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Which is better in performance, this loop:

for (int i = 0; i < 100; i++) { 
    for (int j = 0; j < 10; j++) { }

or this loop:

for (int i = 0; i < 10; i++) {
    for (int j = 0; j < 100; j++) { }

and why?

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closed as not a real question by Lion, Duncan, iWasRobbed, Sven Hohenstein, Graviton Mar 20 '13 at 3:13

It's difficult to tell what is being asked here. This question is ambiguous, vague, incomplete, overly broad, or rhetorical and cannot be reasonably answered in its current form. For help clarifying this question so that it can be reopened, visit the help center.If this question can be reworded to fit the rules in the help center, please edit the question.

Why don't you test it and see? I've downvoted because your question should have been "This code is faster, can you help me understand why?" –  Duncan Mar 9 '13 at 21:32
your first code is syntactically incorrect..! –  Vishal K Mar 9 '13 at 21:33
What makes you think there is a significant difference? –  meriton Mar 9 '13 at 21:38
The difference won't be significant, but the second example will we faster. –  Martijn Courteaux Mar 9 '13 at 22:06
@MartijnCourteaux Why do you think so? –  assylias Mar 10 '13 at 1:24

7 Answers 7

up vote 1 down vote accepted

Lets assume that the inner loop actually does something. FredrikRedin and niculare are, of course, correct, that the number of inner loop executions will be the same. Given that this is the case, the second example is preferred (slightly) because the second example has to set up the inner loop ten times, while the first sets up the inner loop 100 times. Total number of loops set up:

  • First example: 101
  • Second example: 11

Since setting up loops takes time, the second example is to be preferred, all other things being equal (which they never are). In general, if you can divide iterations between inner and outer loops, give more iterations to the inner loop, thereby decreasing the number of iterations of the outer loop.

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You mean the opposite, right? The first example has 100 iterations and set up the inner loop a 100 times. –  j.karlsson Mar 9 '13 at 21:46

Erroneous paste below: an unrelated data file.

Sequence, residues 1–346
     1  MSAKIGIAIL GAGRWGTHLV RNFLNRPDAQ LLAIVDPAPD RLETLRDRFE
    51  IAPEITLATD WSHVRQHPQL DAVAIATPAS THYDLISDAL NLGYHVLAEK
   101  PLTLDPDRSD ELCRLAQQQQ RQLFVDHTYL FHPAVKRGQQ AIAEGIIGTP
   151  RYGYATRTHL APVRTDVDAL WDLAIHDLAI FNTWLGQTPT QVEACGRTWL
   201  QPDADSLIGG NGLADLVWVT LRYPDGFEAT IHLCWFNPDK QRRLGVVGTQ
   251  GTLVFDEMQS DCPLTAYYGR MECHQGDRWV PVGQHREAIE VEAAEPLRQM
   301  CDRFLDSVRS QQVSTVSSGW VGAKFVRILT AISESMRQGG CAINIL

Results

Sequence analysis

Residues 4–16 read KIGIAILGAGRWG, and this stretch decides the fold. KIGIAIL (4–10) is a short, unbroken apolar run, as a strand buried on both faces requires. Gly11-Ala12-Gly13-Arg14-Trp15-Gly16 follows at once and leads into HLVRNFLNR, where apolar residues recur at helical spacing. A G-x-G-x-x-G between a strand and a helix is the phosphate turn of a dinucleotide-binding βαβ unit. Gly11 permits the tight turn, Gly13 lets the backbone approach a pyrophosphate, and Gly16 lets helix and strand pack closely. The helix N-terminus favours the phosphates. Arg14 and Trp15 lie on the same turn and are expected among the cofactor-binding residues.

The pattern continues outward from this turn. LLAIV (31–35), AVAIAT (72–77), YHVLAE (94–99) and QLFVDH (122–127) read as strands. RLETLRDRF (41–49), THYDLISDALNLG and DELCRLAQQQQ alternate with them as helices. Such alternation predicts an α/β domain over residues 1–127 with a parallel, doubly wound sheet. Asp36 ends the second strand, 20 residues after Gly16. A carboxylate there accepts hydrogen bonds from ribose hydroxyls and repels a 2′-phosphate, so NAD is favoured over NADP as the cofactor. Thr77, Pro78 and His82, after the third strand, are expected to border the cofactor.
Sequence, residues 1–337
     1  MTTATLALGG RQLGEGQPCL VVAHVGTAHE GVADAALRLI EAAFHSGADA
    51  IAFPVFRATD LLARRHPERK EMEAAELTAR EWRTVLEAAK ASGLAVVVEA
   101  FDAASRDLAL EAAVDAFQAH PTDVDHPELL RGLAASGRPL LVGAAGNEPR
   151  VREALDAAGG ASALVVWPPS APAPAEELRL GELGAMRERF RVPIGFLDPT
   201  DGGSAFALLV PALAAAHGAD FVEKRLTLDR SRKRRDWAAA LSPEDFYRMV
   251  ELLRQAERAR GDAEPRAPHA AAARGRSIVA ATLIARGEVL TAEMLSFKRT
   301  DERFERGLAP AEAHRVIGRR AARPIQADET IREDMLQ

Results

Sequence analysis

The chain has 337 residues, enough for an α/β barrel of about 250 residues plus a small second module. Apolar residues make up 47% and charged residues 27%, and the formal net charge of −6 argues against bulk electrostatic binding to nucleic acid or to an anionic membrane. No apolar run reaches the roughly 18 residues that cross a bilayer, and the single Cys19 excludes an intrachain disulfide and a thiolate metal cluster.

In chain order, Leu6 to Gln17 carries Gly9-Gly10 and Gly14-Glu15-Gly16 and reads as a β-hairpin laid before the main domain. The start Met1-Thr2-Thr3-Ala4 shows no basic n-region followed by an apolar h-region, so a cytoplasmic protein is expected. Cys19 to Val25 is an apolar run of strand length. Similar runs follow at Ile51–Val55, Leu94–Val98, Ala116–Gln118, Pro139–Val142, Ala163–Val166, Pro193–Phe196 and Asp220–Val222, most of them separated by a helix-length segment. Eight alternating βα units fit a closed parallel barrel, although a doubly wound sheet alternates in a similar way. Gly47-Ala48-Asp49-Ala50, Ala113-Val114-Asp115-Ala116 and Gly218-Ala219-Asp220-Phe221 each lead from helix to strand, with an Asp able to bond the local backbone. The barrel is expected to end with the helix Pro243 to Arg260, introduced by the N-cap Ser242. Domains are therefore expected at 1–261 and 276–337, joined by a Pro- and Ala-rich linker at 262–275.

True. Will edit, you are of course correct. –  angelatlarge Mar 9 '13 at 21:47
"Since setting up loops takes time" => why? can you elaborate? –  assylias Mar 10 '13 at 1:29
Well, at the very least the loop control variable must be initialized. –  angelatlarge Mar 10 '13 at 1:40

Actually they do the same number of iterations because the '*' is commutative. In the first case the number of iterations will be 100*10 while in the second case it will be 10*100, so both resume to 1000 iterations.

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Its the same number of operations. Unless you have logic to skip iterations and/or or any of the two for loops (break/continue), why do you expect a difference in performance?

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I don't think they have the same performance. The reason is branch prediction.

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Can you elaborate little on your thoughts. Why would branch prediction be different in the 2 loops? –  j.karlsson Mar 9 '13 at 21:55
This does not make sense: there is only one branch in the code. –  assylias Mar 10 '13 at 1:19
If you look at the assembly code you will realize there are multiple branches...there is a branch each time you compare the two indexes (i and j) with 9 and 99... –  salvo Mar 10 '13 at 14:12

Empirical evidence yields they are about the same:

(time in milliseconds with minimalist operation in loop)

first 1003, second 1113
first 1012, second 1001
first 1000, second 1002
first 1001, second 1006
first 1013, second 1001
first 1001, second 1001
first 1007, second 1027
first 1018, second 1001
first 1001, second 1002
first 1001, second 1001
first 1001, second 1001
first 1002, second 1000

Theoretically, I go with angelatlarge's answer. I do believe it depends on what is inside the loops: if you are constructing new objects etc. hundreds of times will be slower than tens of times.

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The result depends on how many times you run them - if you include them in a method and call that method many times, it is very likely that the time will drop to 0. –  assylias Mar 10 '13 at 1:28
@assylias It's easy to get the time to 0 when the loops are empty as the code is optimised out (happens first time). I guarantee the time will not drop to 0 if you have a Thread.sleep(1) in the loop/s! –  xagyg Mar 10 '13 at 3:49

Both the javac compiler (that compiles java code to bytecode) and the JIT (that compiles the bytecode to assembly) are allowed to treat both loops as a no-op (which they are since there is nothing in the loops bodies).

In practice, it is unlikely that javac would do that, but very likely that the JIT would just skip that piece of code.

Bottom line: performance of java code is extremely dependent on context and for your specific question regarding loops that don't do anything, the answer is: both will most likely be skipped and run in no time.

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They are the same but in atomic times 10*100 is better because first iterator included 100 sub-iterator and changing of next iterator is 10 step and its better than 100 step. For best results you can use Atomic Integer or byte to replace int. int is 32 bit and byte is 8 bit.

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